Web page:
“Choose a job you love,
and you will never have to work a day in your life.”
I have always loved working. I like my brain to be challenged…I like being creative…I like starting a project and seeing it all the way through to the end.
But sometimes…I wonder if it’s really worth it.
My job can be stressful and frustrating. And I never truly get away from it as I am tethered to my work email through a company issued smartphone. And even if I wasn’t I can never manage to stop thinking about work completely anyway.
|this is definitely glass half empty...|
I’m talking about a feeling of accomplishment. Feeling like what I do is worth the time away from my kids. I’m talking about getting the occasional pat on the back for a job well done.
Maybe I am expecting too much. Of myself, of my job, of my colleagues and my supervisors. Or maybe this is today’s reality.
My friends and I all talk about being in the same boat. The expectation of being reachable 24/7, working nights and weekend without compensation and that even if you are on vacation – you need to be sure to check your email once in a while.
When my family and I went to Disneyland in February I didn’t bother to take my phone because I couldn’t afford to buy a travel package for the US. And it was the best vacation EVER because I wasn’t constantly looking at my phone.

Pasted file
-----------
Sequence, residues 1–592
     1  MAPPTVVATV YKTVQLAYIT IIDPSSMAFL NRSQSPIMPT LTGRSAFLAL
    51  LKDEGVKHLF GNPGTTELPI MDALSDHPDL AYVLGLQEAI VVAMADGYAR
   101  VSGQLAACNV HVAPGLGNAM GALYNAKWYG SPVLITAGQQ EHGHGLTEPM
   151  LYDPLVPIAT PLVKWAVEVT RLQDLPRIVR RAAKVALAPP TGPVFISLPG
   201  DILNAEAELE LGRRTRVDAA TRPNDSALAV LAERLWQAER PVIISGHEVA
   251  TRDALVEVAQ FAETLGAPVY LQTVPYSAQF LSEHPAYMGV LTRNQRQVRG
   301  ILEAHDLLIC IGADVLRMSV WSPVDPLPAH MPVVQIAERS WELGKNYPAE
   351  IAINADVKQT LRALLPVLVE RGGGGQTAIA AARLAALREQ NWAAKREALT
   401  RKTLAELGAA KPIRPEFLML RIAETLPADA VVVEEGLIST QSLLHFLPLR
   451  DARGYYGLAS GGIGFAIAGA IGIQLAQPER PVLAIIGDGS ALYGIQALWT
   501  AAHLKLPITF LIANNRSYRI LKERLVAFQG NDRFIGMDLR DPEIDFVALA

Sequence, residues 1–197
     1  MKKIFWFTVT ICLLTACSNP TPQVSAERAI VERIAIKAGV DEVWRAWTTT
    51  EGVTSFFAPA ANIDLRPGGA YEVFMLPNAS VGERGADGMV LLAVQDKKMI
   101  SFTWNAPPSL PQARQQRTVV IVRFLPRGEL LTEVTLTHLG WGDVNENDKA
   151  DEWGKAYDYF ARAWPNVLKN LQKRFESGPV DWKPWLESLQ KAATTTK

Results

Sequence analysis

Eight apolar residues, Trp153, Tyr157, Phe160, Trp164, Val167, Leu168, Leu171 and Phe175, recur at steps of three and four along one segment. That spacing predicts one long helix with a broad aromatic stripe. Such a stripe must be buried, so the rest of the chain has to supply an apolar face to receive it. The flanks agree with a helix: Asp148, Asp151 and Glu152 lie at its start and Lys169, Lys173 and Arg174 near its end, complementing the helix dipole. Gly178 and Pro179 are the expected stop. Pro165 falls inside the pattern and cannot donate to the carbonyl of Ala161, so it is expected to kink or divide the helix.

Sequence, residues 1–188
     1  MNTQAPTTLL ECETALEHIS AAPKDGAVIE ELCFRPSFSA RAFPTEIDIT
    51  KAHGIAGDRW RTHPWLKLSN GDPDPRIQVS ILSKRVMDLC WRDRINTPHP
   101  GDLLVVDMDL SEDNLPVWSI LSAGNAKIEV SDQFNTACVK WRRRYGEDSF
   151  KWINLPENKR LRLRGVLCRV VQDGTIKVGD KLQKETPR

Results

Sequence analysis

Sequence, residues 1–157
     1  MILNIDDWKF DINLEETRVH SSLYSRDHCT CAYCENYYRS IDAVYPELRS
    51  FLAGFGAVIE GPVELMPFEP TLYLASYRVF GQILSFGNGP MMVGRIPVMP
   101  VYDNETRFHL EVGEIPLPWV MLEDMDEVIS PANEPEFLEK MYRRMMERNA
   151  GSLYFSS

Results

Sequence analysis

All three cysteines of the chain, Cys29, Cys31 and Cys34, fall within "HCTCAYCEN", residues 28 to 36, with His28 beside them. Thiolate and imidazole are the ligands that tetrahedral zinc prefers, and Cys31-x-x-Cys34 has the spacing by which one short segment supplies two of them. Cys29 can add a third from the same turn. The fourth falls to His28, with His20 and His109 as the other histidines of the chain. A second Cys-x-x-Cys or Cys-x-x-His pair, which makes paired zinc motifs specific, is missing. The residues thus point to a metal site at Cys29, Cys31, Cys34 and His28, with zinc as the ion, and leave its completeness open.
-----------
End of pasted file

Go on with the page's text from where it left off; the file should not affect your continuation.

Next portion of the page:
My oldest daughter even commented on how nice it was that I didn’t have my phone with me when we were eating. I was effectively unplugged. Unconnected to my work life.
And you know what? My office didn’t fall apart. Projects moved forward. Decisions were made without me. Life moved on.
We all like the thought that we are indispensable…and we are in many areas. To our kids, our spouses, our family maybe…but not in the workplace.
It all comes down the choices we make. I can choose not to have my phone on the table. I can choose to say no, to acknowledge my own limitations. I can choose to see my glass as half full.
Because – let’s face it – in the scheme of things everything I complain out is quite inconsequential. I’m not curing cancer. I’m not changing the world.
|Me...back when I was a young marketing wannabe...and not yet jaded.|
I got a nice dose of perspective on Monday when my friend and I were returning to work after lunch. We had spent most of our lunch talking about our work challenges and feeling pretty damn sorry for ourselves. And then we noticed the police cars and the fact that the other lanes of the bridge had no traffic. We saw the police officers slowly walking towards the same spot on the bridge.
And then we saw her. A young woman sitting on the outside railing…feet dangling over the edge.
She looked young. And I wondered what led her to be in that place? What had happened in her life that made her feel that was her only option?
I don’t know the answer to those questions. And I don’t know if she actually decided to jump.
But I am fairly certain that the reason she was there had nothing to do with a job that expected her to be reachable outside of office hours.
Perspective. Every once and a while it’s good to have that smack you in the face.